By Walter Pincus
Washington Post Staff Writer
Monday, June 19, 2006
Stephen R. Kappes, a legendary CIA clandestine operative, will become as soon as today the No. 2 at the agency in a move that CIA Director Michael V. Hayden hopes will lift morale there. Kappes's top priority will be to help rebuild the agency's human intelligence capabilities when the United States needs spies within the jihadist community and elsewhere.
Battered for past failures and downgraded as leader of the intelligence community, the CIA nonetheless has been given new authority as home of the National Clandestine Service, which under Hayden and Kappes will coordinate all overseas human intelligence carried out by U.S. agencies, including the Pentagon and FBI.
Kappes, who speaks Russian and Farsi, is a former Marine whose almost 25 years at the CIA included being station chief in Moscow and Kuwait and running operations against Iran. He returns to an agency whose clandestine service has been shaken by retirements and the resignations of senior-level case officers with years of experience in recruiting agents overseas.
It was Kappes's own departure in November 2004 that began the exodus of seasoned case officers. At the time, he was head of the clandestine service as deputy director of operations, appointed just months before by then-CIA Director George J. Tenet. Kappes got into a confrontation with Patrick Murray, chief of staff to Director Porter J. Goss, who succeeded Tenet. Kappes and his top deputy, Michael Sulick, resigned and were followed by others who were unhappy with the new Goss team.
Now Hayden and Kappes will try to stem the outflow of trained clandestine officers. "I know of a 50-year-old woman, one of the few who made station chief, who is thinking of leaving, and they are trying to keep her on board," a retired former senior agency official said Friday. "She has got several attractive offers, but she is the type of person they would want to keep."
Kappes understands that problem firsthand, having just left a London-based security company, ArmorGroup International. It hires former intelligence people to operate its approximately $200 million a year in contracts with multinational companies and governments in Iraq and elsewhere. Kappes's CIA salary, at about $165,000 a year, will be about half of what he received, not counting stock and options, as ArmorGroup's chief operating officer.
The CIA's problems with clandestine service experience are further complicated by the influx over the past five years of young case officers and the increasing pressure to place them overseas but outside embassies -- where they will not have diplomatic immunity. Instead, they will live within communities where they will operate as civilians with "nonofficial cover" and therefore have greater opportunities to meet prospective agents with connections to jihadist and other terrorist elements.
"This is not James Bond in the movies," an experienced former case officer said recently. "These people take years to be productive, and not all of them do. I remember one case where someone lived abroad in a country for six years before they started getting good material, but then it began to flow."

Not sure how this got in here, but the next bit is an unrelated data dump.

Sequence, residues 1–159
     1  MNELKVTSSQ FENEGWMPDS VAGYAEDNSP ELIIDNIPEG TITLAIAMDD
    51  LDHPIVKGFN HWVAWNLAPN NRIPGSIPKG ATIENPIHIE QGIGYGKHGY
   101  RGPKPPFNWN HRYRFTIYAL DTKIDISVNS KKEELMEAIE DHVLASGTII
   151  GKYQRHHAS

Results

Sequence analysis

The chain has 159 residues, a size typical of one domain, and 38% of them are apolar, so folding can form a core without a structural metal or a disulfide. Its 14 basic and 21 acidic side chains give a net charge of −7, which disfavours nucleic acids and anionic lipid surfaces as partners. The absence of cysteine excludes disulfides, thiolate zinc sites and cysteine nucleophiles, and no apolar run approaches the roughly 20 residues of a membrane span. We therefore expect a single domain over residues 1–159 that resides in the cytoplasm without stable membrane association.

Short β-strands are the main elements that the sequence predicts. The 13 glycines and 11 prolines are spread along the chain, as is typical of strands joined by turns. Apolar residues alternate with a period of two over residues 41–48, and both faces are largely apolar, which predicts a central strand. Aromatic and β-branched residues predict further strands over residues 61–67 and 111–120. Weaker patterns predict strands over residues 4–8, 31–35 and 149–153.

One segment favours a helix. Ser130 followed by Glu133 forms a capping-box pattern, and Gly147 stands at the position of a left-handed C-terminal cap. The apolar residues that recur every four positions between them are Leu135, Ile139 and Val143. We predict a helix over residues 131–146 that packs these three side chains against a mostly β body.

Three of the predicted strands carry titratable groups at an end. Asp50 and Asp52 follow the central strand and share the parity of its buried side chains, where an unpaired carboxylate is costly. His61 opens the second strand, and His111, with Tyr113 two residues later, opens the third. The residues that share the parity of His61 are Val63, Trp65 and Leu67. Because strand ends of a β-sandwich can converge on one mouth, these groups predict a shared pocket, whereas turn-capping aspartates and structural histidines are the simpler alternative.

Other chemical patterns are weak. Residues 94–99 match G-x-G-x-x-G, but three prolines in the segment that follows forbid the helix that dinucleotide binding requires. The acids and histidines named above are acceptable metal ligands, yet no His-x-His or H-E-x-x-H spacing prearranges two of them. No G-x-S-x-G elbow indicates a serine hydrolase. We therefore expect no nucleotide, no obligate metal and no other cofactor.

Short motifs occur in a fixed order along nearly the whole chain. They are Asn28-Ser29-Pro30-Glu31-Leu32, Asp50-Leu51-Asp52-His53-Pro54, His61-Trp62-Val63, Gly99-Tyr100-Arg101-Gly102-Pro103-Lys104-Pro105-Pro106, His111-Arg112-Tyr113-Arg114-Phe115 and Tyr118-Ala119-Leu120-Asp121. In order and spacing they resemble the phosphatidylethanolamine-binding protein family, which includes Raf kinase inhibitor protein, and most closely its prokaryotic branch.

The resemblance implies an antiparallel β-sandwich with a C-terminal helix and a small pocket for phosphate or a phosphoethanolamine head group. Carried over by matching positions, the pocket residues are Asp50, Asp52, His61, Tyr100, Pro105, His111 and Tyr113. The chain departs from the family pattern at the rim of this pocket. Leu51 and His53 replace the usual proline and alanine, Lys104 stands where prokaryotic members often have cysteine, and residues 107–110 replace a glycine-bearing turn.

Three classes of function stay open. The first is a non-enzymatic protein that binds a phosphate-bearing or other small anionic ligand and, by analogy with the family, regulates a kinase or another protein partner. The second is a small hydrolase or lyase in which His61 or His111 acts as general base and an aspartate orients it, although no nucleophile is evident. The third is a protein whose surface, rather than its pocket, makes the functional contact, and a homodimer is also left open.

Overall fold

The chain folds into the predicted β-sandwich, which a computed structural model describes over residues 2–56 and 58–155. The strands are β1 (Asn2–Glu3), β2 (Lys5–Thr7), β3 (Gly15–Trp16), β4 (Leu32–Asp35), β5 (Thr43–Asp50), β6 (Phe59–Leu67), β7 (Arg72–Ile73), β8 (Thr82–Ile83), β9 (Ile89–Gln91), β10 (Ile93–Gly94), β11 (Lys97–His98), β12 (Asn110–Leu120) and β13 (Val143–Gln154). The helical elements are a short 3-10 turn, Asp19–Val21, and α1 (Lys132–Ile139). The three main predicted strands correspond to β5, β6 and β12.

Because of a change caused by the 2004 intelligence reorganization legislation that placed the director of national intelligence above the CIA director, deputy CIA director is not a presidential appointment and does not need Senate confirmation. Kappes has many supporters on Capitol Hill, along with some detractors.
"Mr. Kappes brings a wealth of experience in the clandestine service to the agency's senior leadership. Perhaps more importantly, his return to the agency has already gone a long way to assure operators that they are well represented in management and that their concerns will be met," Sen. Dianne Feinstein (D-Calif.), a member of the Select Committee on Intelligence, said during the floor debate on Hayden's nomination last month.
When Kappes was first mentioned for the job of deputy CIA director, Sen. John W. Warner (R-Va.), chairman of the Armed Services Committee, called him "the ideal partner" for Hayden, who is an Air Force four-star general and former director of the National Security Agency. Warner cited some of Kappes's successes, including his key role with British intelligence colleagues in secret negotiations in which they persuaded Libya's Moammar Gaddafi to give up his nuclear weapons program. "Kappes's pitch to the Libyan leader is said to have been blunt and irresistible: 'You are the drowning man, and I am the lifeguard,' " Warner said on the Senate floor May 10.
Rep. Curt Weldon (R-Pa.), a ranking member of the House Armed Services Committee, is one of Kappes's most vocal critics. Weldon criticizes what he calls Kappes's failure to pursue the congressman's view that a colleague of Manucher Ghorbanifar, one of the instigators of the Iran-contra affair, had important information on Iran's nuclear program. "Kappes was the ringleader of an internal CIA rebellion," Weldon wrote in his recent book, "Countdown to Terror." "He was one of many in the CIA resistant to needed reforms."
Rep. Peter Hoekstra (R-Mich.), who succeeded Goss as chairman of the Permanent Select Committee on Intelligence, told the Washington Times last month that Kappes was guilty of "gross insubordination" for his behavior at the agency under Goss.